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By Sen. Mike Padden
R-Spokane Valley 

Impaired driver bills advance

 

Last updated 5/19/2023 at 9:25am



In recent years, drunk and drug-impaired driving has become a greater problem on Washington’s roads and highways. It is a major reason for the alarming increase in accidents and traffic deaths and injuries.

Just a month ago, a horrible crash happened on Interstate 82 near Sunnyside in which a 20-year-old man who eluded State Patrol troopers eventually drove westbound on eastbound I-82 and collided with an eastbound vehicle. Two children in the other car were killed and the other driver and a third child were injured. The driver, who was determined by a drug-recognition expert to have been under the influence of intoxicants when the crash occurred, has been charged with vehicle homicide, vehicular assault and second-degree murder. Troopers tried repeatedly to stop the driver but called off pursuits because of the state’s restrictive vehicle pursuit law passed in 2021.

According to the Washington Traffic Safety Commission, Washington road deaths reached a 20-year high in 2021. The 670 traffic deaths that year included 272 involving drug-impaired driving and 155 involving alcohol-impaired driving. In 2020, Washington had 574 traffic fatalities, including 214 involving drug-impaired driving and 135 involving alcohol-impaired driving. The commission has a preliminary estimate of 745 traffic fatalities for 2022. Over half were due to impaired driving.

A key reason behind these sad statistics is how state law treats repeat drunk and drug-impaired drivers, who are the most likely to commit vehicular homicides and vehicular assaults in Washington. Many traffic fatalities in the state involve drivers who have had as many as eight DUI offenses, but the current 10-year “lookback” period on previous DUI convictions is not long enough to allow the state to impose stronger punishment against such offenders.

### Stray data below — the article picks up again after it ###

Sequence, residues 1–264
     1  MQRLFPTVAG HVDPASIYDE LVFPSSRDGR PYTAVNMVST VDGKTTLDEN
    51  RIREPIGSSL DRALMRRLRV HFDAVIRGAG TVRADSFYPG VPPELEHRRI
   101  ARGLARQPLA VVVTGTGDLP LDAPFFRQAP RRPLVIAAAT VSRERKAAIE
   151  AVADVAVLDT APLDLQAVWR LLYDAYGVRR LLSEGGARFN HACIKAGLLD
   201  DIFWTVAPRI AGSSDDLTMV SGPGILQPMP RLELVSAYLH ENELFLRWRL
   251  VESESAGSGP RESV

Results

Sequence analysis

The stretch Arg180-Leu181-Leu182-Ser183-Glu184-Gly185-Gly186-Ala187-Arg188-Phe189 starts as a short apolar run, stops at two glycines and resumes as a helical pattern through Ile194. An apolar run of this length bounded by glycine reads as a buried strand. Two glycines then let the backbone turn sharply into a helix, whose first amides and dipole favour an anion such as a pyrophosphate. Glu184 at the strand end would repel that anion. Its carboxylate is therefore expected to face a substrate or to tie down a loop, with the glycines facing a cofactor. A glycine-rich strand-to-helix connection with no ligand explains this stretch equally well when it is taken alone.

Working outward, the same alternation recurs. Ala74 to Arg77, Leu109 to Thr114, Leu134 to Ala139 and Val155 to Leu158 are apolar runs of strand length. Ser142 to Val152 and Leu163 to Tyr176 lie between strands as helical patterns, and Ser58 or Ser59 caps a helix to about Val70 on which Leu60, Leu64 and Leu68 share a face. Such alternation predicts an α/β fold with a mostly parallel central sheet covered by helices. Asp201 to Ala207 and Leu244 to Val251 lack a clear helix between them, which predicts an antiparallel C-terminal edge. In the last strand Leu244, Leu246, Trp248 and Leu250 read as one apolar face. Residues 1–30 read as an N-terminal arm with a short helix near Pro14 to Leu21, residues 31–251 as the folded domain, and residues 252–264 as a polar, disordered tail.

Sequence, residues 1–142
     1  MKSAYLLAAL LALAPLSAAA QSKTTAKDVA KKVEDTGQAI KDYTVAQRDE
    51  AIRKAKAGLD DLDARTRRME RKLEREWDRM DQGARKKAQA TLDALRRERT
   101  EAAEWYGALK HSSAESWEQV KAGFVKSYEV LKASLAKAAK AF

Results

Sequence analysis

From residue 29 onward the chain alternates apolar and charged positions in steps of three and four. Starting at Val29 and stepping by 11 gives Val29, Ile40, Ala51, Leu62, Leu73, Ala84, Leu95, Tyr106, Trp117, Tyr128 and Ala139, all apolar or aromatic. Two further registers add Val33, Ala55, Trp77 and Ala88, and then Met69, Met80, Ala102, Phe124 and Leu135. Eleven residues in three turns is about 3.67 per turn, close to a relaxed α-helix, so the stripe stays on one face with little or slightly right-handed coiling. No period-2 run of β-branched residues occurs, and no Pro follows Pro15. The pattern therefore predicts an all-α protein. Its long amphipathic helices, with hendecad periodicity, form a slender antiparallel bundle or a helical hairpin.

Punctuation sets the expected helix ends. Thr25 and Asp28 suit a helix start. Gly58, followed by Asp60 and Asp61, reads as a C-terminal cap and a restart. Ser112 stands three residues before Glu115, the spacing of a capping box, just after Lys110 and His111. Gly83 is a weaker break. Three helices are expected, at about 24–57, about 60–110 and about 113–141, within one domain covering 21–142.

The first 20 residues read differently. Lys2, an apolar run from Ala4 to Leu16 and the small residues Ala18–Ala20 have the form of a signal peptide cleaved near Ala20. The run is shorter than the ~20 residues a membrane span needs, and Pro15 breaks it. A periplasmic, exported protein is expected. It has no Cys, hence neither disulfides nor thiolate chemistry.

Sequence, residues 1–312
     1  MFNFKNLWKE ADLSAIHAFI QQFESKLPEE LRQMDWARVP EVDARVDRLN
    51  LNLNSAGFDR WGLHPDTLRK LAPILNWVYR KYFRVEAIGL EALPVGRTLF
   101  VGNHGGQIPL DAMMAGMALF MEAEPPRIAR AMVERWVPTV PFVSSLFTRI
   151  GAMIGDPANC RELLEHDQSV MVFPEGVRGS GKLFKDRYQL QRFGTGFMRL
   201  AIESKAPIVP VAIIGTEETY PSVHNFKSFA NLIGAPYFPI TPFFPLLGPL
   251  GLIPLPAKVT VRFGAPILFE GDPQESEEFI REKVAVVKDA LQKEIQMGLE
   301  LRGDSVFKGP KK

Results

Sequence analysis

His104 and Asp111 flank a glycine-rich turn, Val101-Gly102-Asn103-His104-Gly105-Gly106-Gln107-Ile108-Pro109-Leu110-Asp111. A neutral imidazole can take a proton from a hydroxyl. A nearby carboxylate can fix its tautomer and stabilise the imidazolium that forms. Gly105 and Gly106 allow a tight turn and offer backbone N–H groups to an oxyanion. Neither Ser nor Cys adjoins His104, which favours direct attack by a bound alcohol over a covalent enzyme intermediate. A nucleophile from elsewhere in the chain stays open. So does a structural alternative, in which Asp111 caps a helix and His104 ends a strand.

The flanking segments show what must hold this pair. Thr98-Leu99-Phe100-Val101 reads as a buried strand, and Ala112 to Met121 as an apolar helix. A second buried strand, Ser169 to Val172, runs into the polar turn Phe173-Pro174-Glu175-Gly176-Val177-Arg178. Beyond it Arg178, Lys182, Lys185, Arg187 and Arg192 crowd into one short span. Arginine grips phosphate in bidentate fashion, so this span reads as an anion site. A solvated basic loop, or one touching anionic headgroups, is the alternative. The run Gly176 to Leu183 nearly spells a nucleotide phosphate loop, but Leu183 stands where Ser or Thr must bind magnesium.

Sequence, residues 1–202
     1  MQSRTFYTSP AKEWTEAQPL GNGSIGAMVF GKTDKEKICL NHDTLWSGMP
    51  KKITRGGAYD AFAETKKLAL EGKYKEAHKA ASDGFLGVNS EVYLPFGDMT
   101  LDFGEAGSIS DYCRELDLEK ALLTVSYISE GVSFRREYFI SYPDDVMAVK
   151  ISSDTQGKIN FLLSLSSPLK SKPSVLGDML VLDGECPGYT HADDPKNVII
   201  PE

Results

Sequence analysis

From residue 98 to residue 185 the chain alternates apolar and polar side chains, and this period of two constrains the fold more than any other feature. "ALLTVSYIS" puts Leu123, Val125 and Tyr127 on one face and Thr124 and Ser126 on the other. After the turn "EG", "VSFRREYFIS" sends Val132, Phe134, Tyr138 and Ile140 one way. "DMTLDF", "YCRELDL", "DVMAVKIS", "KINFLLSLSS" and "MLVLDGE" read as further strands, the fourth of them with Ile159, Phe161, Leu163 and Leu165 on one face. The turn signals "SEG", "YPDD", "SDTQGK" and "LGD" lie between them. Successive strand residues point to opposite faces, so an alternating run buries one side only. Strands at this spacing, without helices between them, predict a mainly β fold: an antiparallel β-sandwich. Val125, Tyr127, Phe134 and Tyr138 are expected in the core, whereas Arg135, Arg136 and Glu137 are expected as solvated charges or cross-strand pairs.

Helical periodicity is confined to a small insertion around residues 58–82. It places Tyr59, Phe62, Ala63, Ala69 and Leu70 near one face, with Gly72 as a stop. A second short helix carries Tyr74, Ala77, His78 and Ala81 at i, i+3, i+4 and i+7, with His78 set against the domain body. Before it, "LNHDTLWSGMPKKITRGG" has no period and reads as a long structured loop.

Fortunately, there is a good chance the Legislature will fix that problem this year. Before the 2023 legislative session even began, I introduced a bipartisan proposal, Senate Bill 5032, which would expand the period for reviewing prior convictions of impaired driving to 15 years, from the 10 years now in state law, when determining whether a new offense of impaired driving is charged as a felony. Under the proposal, any person who has three or more prior DUI offenses within that 15-year lookback period would face a felony, rather than the current penalty of a gross misdemeanor. Furthermore, SB 5032 would give offenders a chance to undergo a highly structured treatment program.

Our state has seen too many accidents and fatalities caused by drunk and drug-impaired drivers, especially repeat offenders. This bill could help reduce traffic deaths.

Repeat DUI offenders are not making mistakes. They have an intentional disregard for personal and public safety. SB 5032 is a tool to hold repeat impaired drivers accountable and to get people the help that they need. This bill can help break the cycle of addiction and will reduce the number of impaired drivers on roadways.

In the 2021 and 2022 sessions, I introduced similar legislation that was passed by the Senate both years, but that bill died in the House both years.

While I would prefer to have the Legislature pass SB 5032 as a stand-alone measure, I’m pleased that it is moving forward this year as part of another proposal to combat drunk driving.

The Senate Law and Justice Committee recently passed House Bill 1493, which would make several changes to the state’s impaired-driving laws. Before doing so, the committee added my amendment that incorporates the SB 5032 language by changing the lookback period for reviewing prior DUI convictions from 10 years to 15 years and by creating a new drug offender sentencing alternative for individuals convicted of felony-level impaired-driving offenses. I’m pleased that the good policy in SB 5032 remains alive as part of HB 1493.

By the time this year’s session ends on April 23, I am hopeful that the Legislature will finally have taken a major step to remove repeat drunk and drug-impaired drivers from our roads and reduce the number of traffic accidents and fatalities in our state.

— Sen. Mike Padden, R-Spokane Valley, is the ranking Republican on the Senate Law and justice Committee.

 

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